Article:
youth help educate one young teacher
When they first drove into Chicagos south side, says Kelly
Anderson, some students became nervous. Windswept streets, overflowing
garbage cans, windows with steel bars. Looking out the windows of
their van, many were seeing genuine poverty for the first time.
But it didnt take long for them to settle in, join the community,
and begin working. During the day, Anderson assisted at the Cesar
E. Chavez Elementary School. Afternoons, she volunteered at the
Robert Taylor Boys and Girls Club of Chicago, which is located on
the grounds of the Robert Taylor Homes, the second-poorest urban
community in the nation.
It was the spring of 1999, the inaugural year of The University
of Iowas Chicago Experience program. Developed by Rahima Wade,
an associate professor of curriculum and instruction in the College
of Education, the program offered elementary education majors the
opportunity to spend a week in Chicagoover spring breakwork
in inner-city schools, volunteer with childrens agencies,
complete their community service-learning requirement, fulfill a
portion of their classroom practicum, and earn one semester hour
of education credit.
"I was so gung-ho about it," says Anderson, a 1999 College of Education
graduate. "The inner-city life and what these children have to go
through really intrigued me. I wanted to see how these kids overcome
obstacles and find out what makes some kids strive to succeed, even
in difficult environments."
At the time, Anderson was a special education major from a mid-sized
college town in West Virginia, planning to return home after graduation
to teach children with physical handicaps. But shed felt glimmers
of a different calling: four years earlier, working as a camp counselor
outside Buffalo, N.Y., Anderson had connected with a group of at-risk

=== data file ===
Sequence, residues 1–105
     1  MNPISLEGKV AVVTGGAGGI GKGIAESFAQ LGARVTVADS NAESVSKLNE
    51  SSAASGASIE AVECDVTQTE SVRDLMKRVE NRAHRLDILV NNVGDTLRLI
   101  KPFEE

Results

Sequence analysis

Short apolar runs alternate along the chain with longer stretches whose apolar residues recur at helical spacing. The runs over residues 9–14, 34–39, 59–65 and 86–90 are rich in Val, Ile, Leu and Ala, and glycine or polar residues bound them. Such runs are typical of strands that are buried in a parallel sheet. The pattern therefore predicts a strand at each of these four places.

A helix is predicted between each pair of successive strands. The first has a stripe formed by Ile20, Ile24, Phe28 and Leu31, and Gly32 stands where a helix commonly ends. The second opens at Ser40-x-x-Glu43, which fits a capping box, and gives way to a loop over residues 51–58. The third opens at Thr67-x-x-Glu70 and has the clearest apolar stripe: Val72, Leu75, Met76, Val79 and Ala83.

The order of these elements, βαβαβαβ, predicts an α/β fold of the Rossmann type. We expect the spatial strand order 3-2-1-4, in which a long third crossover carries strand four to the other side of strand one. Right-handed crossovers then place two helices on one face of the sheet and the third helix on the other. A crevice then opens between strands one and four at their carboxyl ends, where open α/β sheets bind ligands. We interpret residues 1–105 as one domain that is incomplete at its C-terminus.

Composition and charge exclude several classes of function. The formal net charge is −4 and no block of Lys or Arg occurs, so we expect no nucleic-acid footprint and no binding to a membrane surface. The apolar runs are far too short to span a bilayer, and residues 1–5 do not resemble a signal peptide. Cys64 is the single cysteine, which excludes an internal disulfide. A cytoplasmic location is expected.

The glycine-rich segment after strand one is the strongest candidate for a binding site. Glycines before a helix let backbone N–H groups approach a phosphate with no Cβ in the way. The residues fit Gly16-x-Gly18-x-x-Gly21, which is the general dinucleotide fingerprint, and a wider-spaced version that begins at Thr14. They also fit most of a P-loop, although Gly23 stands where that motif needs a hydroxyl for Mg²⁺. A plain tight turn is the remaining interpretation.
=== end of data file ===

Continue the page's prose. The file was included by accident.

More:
children from the city. Now, the Chicago Experience gave her an
opportunity to find out if this might be her niche. She discovered
within a day that it was.
"At Chavez school, I implemented behavioral modification programs
for the kids," Anderson recalls. "I did everything from recess duty
to work in the autism classroom. At the Boys and Girls Club, I ran
self-esteem classes and other enrichment programs for adolescents.
The point was to keep them off the streets, basically, so we did
everything: dancing, basketball, drama, games, computers."
It was an exhausting week that packed in far more than a semesters
worth of learning. But Anderson was elated. She knew shed
found her calling and immediately accepted when she was offered
a full-time, three-week summer position working with the Robert
This is exactly the effect Wade had been hoping to have when she
conceived the program after meeting the coordinator of the Urban
Life Center, a nonprofit agency that arranges experiential learning
opportunities in Chicago. The center worked with Wade to provide
lodging, orientation, and manage placements in the schools and neighborhood
"Students who participate in the Chicago Experience learn firsthand
about inner-city life, diverse children, and the challenges of teaching
in a large city public school system," Wade says. "While many sign
up out of curiosity and the excitement of spending a week in a big
city with their peers, some return with an interest in teaching
in the inner-city. Even those students who realize that inner city
teaching is not for them benefit in terms of learning about cities
and diversity and bringing that knowledge to their future teaching
in suburban or rural areas."
There appears to be no downside to the Chicago Experience: it is
a boon both for the inner-city schools it serves and for the University.
This is why it quickly became an annual program offered by the College
of Education. But perhaps no one has benefited from Wades
innovation more than students like Anderson.
After graduation, she moved to Kansas City, Kan., where she began
working on a masters degree and teaching in an autism and
behavioral disorders program in a Kansas City, Mo., school. In spring
2001, Anderson completed an M.A. degree and now supervises an emotional
mental health program for at-risk children.
"This is the sort of work where you have to get up and remember
each morning where these kids are coming from," Anderson says. "Last
year, four of the 11 children I taught had felony charges against
them. What they need is a positive experience at school, and I try
to give that to them. I know that this is what I want to do for
the rest of my life."